Conjoint Analysis: A Powerful Tool for Business Decision-Making 

Conjoint Analysis: A Powerful Tool for Business Decision-Making

Firms must know how customers value their products to build a successful business. Making sales, marketing, pricing, and product development decisions is imperative. Conjoint Analysis helps in this regard. 

Understanding what influences consumers can be very useful for firms to become more customer oriented. Hence, market researchers are always on the lookout for ways to understand consumer psychology.  

For every brand, each of its products has multiple features and utilities. How do businesses know which features are most valued by customers? In what areas should businesses concentrate their efforts? 

Conjoint analysis helps find an answer to these questions. Businesses can confidently make data-backed decisions through conjoint analysis.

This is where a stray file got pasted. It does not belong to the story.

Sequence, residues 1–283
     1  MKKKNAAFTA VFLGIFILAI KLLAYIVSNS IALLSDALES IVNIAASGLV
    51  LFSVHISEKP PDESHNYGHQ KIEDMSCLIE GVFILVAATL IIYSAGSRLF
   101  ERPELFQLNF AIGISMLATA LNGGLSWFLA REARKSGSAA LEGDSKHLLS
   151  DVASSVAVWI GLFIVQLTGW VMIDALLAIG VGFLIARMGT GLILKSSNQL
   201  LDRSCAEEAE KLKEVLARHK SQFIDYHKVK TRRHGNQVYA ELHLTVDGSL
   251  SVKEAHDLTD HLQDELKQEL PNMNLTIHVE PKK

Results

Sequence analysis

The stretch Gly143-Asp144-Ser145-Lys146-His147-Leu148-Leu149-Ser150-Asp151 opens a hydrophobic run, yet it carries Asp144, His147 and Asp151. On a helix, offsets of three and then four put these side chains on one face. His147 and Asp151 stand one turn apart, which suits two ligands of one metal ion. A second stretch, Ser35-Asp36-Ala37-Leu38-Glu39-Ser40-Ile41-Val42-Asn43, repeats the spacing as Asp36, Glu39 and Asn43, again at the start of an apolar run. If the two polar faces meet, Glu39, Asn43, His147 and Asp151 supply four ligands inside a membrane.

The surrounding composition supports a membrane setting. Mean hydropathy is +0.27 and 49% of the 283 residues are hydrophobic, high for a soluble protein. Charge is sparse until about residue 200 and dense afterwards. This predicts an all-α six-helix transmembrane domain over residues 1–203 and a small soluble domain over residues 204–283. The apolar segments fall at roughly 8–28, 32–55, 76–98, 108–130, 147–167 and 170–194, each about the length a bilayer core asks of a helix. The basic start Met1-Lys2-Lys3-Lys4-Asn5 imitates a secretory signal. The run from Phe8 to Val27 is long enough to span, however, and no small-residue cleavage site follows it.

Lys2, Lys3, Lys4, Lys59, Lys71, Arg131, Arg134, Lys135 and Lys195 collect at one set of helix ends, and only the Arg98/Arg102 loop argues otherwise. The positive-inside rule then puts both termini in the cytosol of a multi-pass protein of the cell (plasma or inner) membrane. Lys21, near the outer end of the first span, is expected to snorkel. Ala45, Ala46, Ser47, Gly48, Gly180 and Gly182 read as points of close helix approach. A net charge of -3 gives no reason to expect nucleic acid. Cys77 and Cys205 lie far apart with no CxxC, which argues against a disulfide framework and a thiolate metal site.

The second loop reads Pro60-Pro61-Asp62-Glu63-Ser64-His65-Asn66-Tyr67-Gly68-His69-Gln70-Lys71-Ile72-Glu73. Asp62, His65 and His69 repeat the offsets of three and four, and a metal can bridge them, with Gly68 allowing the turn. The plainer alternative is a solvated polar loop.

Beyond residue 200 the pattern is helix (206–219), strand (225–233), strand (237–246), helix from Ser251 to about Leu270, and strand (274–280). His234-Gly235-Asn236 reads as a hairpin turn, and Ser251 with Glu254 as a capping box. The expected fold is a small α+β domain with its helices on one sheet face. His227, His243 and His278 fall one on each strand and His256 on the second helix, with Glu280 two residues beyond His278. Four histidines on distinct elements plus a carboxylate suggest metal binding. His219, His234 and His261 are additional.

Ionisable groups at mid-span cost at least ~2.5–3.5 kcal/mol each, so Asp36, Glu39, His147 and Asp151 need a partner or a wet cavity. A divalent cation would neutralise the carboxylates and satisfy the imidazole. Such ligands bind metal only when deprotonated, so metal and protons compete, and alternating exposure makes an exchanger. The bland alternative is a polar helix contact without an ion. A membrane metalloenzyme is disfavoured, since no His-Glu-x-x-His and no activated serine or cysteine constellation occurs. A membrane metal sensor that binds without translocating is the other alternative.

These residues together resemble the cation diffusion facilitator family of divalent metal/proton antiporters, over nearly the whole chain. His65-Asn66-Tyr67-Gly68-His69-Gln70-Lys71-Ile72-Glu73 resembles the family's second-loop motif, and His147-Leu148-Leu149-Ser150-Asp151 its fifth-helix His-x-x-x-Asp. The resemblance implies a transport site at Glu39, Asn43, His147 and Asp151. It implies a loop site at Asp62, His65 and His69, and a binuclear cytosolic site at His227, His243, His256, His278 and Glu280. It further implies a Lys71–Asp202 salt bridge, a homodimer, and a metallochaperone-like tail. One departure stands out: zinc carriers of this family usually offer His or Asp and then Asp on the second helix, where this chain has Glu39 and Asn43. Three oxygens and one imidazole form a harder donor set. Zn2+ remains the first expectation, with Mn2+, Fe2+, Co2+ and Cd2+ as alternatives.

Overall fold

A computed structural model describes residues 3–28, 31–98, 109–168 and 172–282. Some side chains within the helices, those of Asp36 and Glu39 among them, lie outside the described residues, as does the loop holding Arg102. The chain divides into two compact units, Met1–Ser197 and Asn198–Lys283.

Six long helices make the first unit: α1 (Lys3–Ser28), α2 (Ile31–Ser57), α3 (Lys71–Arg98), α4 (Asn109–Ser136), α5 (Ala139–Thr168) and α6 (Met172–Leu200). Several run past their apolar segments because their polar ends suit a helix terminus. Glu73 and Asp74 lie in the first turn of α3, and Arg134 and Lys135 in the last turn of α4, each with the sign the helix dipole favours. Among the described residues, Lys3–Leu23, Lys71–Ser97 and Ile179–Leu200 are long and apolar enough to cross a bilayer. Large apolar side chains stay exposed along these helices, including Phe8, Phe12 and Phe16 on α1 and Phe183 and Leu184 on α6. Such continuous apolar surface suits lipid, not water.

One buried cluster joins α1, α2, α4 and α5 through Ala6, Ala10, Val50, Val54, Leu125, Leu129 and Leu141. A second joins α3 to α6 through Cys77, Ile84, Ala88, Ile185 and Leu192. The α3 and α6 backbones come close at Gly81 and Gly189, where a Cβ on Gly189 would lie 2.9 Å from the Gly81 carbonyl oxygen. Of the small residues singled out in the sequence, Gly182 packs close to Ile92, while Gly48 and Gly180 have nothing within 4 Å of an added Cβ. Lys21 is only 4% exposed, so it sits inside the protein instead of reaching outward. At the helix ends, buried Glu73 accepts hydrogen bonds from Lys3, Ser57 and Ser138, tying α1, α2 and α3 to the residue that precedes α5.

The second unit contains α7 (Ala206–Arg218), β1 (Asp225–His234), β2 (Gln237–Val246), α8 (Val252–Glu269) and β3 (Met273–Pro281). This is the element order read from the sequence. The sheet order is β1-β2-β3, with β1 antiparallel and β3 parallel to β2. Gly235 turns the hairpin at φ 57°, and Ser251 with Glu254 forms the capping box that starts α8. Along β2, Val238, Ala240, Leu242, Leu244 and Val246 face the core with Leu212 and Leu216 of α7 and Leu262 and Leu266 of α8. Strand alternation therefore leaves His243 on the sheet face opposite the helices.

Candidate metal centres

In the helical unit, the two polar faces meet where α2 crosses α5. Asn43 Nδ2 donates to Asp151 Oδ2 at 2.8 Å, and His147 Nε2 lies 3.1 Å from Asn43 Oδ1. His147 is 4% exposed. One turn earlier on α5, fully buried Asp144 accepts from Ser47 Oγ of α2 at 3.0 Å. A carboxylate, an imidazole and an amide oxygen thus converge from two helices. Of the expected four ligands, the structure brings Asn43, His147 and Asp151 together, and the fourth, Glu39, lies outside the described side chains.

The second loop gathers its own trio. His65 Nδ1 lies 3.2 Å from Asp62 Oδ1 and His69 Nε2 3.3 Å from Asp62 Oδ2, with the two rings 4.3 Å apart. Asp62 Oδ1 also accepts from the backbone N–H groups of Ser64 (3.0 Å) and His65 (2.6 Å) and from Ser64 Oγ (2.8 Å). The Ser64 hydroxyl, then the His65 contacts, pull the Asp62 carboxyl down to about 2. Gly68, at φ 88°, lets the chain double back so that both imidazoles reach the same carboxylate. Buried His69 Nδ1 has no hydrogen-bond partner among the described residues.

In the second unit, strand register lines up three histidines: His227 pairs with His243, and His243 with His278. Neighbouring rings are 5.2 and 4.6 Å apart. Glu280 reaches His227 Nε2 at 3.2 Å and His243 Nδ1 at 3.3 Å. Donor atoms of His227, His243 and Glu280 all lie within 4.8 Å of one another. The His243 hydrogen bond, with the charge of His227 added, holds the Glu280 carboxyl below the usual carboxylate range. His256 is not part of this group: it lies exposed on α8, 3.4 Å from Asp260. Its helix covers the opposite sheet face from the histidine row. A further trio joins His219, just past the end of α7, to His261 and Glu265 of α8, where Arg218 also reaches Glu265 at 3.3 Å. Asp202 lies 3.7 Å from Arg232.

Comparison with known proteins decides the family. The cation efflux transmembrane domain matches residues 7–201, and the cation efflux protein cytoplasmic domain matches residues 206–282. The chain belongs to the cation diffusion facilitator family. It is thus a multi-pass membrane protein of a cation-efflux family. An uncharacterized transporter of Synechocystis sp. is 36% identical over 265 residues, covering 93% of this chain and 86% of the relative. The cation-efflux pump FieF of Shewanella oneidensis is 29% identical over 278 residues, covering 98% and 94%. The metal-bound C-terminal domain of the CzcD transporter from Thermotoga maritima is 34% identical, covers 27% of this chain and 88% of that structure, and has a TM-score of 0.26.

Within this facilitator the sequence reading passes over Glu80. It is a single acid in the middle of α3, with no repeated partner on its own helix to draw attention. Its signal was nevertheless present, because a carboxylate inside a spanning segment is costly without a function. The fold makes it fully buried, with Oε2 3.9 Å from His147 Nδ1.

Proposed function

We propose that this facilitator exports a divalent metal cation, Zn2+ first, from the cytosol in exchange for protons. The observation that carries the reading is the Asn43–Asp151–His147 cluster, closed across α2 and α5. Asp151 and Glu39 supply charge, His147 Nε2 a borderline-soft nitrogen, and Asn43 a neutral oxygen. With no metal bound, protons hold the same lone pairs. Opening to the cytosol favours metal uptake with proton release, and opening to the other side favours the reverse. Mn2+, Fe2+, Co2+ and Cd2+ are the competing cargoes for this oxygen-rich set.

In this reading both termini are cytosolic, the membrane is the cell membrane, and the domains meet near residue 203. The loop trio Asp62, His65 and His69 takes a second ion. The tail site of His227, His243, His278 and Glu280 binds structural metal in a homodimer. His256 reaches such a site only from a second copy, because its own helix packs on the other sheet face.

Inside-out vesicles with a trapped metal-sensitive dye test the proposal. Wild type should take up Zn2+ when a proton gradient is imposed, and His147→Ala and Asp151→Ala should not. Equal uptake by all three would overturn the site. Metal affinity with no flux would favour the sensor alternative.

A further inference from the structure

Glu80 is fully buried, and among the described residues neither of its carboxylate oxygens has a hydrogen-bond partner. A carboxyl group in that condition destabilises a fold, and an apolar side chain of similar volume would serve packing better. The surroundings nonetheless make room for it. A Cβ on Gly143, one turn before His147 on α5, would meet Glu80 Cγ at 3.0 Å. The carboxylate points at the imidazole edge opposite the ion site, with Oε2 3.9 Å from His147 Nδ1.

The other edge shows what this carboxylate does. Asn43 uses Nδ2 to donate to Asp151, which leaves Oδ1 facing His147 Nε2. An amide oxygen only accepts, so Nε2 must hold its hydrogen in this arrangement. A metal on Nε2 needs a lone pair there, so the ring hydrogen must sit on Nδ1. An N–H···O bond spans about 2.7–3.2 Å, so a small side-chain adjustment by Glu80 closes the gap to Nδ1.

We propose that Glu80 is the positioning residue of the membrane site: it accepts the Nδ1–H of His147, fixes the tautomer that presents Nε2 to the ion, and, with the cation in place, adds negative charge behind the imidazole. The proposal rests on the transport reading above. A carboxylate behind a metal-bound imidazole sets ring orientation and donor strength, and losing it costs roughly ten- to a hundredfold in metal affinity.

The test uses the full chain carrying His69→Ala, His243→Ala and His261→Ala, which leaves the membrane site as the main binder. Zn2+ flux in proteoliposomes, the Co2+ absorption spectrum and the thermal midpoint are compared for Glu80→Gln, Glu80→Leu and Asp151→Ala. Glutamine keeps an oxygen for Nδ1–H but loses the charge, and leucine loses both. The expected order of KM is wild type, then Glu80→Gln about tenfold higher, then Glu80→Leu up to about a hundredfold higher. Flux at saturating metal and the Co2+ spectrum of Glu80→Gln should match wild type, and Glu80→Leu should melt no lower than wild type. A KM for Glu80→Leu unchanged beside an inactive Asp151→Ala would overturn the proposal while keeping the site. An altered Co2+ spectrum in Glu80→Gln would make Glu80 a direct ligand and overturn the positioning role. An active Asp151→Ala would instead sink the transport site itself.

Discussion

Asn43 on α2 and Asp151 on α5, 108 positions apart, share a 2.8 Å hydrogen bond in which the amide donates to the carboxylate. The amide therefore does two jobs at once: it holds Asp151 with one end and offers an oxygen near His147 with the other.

What is Conjoint Analysis? 

The conjoint analysis uses statistical analysis tools to create a hierarchy of consumer preferences. It’s based on the principle that every product is a set of attributes that impact its perceived value. It highlights the most desired features and components of products and services. Market researchers use conjoint analysis to understand consumer wants. 

It relies on survey methods to gather data. Such surveys ask consumers to rank specific features according to their importance. Responses to these surveys are in numerical format. After analyzing it, researchers assign a value to each component. 

For example, if one wants to buy a mobile, there are many features one must consider.  

  • Display size 
  • Brand value 
  • RAM 
  • Camera 
  • Storage 
  • Battery life 
  • Budget 
  • Usability 

But since no mobile is perfect, there will be tradeoffs. Analysis mimics such tradeoffs. Consumers who buy budget phones cannot expect to get the latest processors or high-end cameras.